Clearly defined performance outcomes and measures
When adopted in 2019, the Strategic Plan included example outcomes and measures for each goal area. In 2021, as part of a midway progress report, staff refined these outcomes and analyzed data for key performance measures related to each goal.
Reprioritized outcomes and initiatives
Looking at data trends for these outcomes and measures, we see that our asset unmet need continues to grow while demands on our system and need for new infrastructure also increase. We need to simultaneously reduce our unfunded maintenance liability while making smart investments that expand options and access, without unsustainably increasing our maintenance obligations. Across individual asset classes, we lack strategies for funding improvements, preventative maintenance, and prioritizing investments, while we also bring on new assets to address rising demands. We have critical data gaps that make addressing these challenges difficult.
Objectives and initiatives in our plan have been revised to reflect these trends, work completed to date, and resource and capacity realities in 2023.
Overview of Goal 3 - Asset Management
Delivering smart investments to maintain our transportation system
Every day, Portlanders rely on our streets and other transportation assets to get where they need to go.
These assets are valued at $19.7 billion (as of 2023) and include: over 100,000 street signs; tens of thousands of streetlights and curb ramps; thousands of miles of streets; thousands of signals and bike racks; hundreds of bridges and retaining walls; hundreds of miles of bikeways; a dozen streetcars; six parking garages; and one aerial tram. Operating, maintaining, and planning for the upkeep of these assets is a 24/7 job and involves staff from all of PBOT’s six primary business groups.
To support a prosperous city where all Portlanders can get around safely, easily, and sustainably, PBOT must fix the city’s crumbling and substandard infrastructure. Several factors make this challenging. First, population growth has put more stress on our transportation system. Second, funding has not kept pace with what we need to maintain the system we have.
New funding in recent years is a step forward, but still insufficient to see a long-term, dramatic improvement or address our existing deficiencies. The result? PBOT currently faces a maintenance obligation of $3.5 billion, the majority of which has no committed funding. Continuing to defer the bulk of this obligation costs Portlanders more because providing maintenance on a deteriorating system costs more. What does this deferred maintenance look like? It looks like potholes, streetlight outages, temporary road closures, and other challenges that Portlanders encounter on their daily trips.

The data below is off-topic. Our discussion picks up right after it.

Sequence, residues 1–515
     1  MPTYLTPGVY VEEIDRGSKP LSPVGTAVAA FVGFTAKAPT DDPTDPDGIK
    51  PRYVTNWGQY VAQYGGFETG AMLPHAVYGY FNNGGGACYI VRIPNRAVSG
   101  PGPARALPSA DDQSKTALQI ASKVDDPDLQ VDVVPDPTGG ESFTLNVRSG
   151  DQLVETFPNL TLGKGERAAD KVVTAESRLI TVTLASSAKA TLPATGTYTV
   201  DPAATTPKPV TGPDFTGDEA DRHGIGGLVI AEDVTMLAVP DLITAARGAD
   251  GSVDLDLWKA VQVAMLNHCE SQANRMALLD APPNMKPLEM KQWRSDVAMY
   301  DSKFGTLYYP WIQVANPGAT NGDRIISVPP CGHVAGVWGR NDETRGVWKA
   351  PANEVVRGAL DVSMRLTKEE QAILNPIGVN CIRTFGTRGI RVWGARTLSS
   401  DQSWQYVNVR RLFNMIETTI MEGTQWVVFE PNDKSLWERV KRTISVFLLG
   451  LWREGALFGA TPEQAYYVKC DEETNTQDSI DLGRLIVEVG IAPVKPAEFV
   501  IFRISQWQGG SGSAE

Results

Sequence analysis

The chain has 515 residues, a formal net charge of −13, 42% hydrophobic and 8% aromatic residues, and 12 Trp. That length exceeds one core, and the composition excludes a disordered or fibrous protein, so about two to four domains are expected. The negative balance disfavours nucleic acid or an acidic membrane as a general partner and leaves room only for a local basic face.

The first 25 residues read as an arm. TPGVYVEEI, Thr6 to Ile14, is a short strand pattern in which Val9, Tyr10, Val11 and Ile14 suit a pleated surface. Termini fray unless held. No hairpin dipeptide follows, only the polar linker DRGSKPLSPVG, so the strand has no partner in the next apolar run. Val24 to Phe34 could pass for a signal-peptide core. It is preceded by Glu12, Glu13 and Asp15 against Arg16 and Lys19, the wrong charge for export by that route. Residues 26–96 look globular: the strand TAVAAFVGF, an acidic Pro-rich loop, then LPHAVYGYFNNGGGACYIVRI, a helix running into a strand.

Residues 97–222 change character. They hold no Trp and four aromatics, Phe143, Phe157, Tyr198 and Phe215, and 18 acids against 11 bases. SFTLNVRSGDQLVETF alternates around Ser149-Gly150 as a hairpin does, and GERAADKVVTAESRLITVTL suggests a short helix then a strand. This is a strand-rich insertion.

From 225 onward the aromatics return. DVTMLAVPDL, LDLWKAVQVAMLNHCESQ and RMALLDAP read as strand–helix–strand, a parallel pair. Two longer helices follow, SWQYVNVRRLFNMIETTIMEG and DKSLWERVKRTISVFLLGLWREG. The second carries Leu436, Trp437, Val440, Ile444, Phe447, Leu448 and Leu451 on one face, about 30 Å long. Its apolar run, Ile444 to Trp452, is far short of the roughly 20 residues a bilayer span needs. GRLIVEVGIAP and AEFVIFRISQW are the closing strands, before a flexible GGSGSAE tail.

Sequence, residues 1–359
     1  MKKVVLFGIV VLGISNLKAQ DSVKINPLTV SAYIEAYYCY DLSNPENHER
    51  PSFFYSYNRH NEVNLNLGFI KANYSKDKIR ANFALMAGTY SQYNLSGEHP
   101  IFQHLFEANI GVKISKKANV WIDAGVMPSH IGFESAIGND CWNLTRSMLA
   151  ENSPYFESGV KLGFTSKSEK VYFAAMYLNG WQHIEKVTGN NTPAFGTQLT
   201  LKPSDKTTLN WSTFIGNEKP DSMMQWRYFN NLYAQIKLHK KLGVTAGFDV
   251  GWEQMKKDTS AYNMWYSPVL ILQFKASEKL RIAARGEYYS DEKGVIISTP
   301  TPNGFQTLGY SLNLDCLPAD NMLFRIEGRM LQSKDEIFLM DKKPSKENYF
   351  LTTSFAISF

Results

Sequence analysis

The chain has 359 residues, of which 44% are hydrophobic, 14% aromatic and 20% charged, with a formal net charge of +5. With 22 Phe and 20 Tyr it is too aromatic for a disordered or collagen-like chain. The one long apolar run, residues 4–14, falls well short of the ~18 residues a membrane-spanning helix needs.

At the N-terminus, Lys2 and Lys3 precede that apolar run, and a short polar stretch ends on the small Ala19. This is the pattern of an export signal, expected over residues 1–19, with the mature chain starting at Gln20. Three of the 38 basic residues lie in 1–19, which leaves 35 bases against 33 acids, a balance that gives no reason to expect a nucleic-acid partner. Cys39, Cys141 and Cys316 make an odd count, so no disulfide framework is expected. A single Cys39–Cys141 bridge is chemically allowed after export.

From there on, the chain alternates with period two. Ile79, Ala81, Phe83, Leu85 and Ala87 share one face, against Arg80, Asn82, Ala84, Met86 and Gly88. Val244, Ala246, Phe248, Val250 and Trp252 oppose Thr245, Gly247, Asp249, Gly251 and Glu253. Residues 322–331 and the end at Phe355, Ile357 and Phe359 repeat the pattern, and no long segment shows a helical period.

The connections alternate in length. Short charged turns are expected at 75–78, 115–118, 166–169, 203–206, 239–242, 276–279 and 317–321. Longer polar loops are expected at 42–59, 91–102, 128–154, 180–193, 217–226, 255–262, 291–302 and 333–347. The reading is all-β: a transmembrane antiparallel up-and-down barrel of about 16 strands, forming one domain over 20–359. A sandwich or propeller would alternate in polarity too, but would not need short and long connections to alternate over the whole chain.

PBOT is committed to reversing this trend and dramatically shrinking its growing unfunded maintenance liability. But we know that we cannot rely on funding alone. To this end, we will use the next three years to improve our bureau’s approach to building, preserving, and repairing our transportation infrastructure. In Moving to Our Future, we outline the way we will focus on this by improving how we manage our assets and by implementing modern, data-driven tools, programs, and policies. These advancements will allow PBOT to maximize our current funding across our assets, and to deliver a better-maintained, safer, and more reliable transportation system at a lower cost to Portlanders.
Objective 1: Use criticality to prioritize asset replacement
- As part of the annual cadence of reviewing PBOT’s Risk Register, define likelihood and consequence framework and conduct criticality analysis of major assets.
- Use cost-benefit considerations and business-case analyses to improve the quality and confidence of prioritization efforts
Objective 2: Improve quality, completeness, and accessibility of asset management related information
Gather and manage data that helps guide investment, avoid risk, and make informed decisions.
- Incorporate standard lifecycle costs and maintenance plans into Maintenance Operations’ strategic planning and operations.
- Continue iterations of capital improvement project asset maintenance estimates as part of the new asset onboarding improvements.
- Expand on State of Good Repair efforts to include lifecycle costs and standard lifecycle maintenance plans for most critical assets.
- Identify opportunities to improve asset data in PBOT source systems (StreetSaver, RoadRunner, GIS, Maximo).
Objective 3: Advance the objectives and tactics in the Maintenance Operations Strategic Plan
- Continue to improve the quality of data related to categorizing Maintenance Operations work orders.
- Incorporate best practices for proactive and predictive work planning as well as community input into the Maintenance Operations Strategic Plan.
- Update emergency response plans.
Objective 4: Establish dedicated funding for essential and preventative asset maintenance
- Complete the street-damage study and implement strategies to recover damages from pavement cuts.
Objective 5: Increase understanding of asset management roles, responsibilities, and goals.
- Establish an agency-wide strategic asset management plan
- Increase PBOT’s participation in trainings led by the Citywide Asset Management Group (CAMG)- led trainings on asset management principles.
- Continue improving the quality and completeness of annual reporting, including year-over -year progress towards identified performance goals
- Implement a reorganization of asset-related information on external PBOT website to improve accessibility and transparency.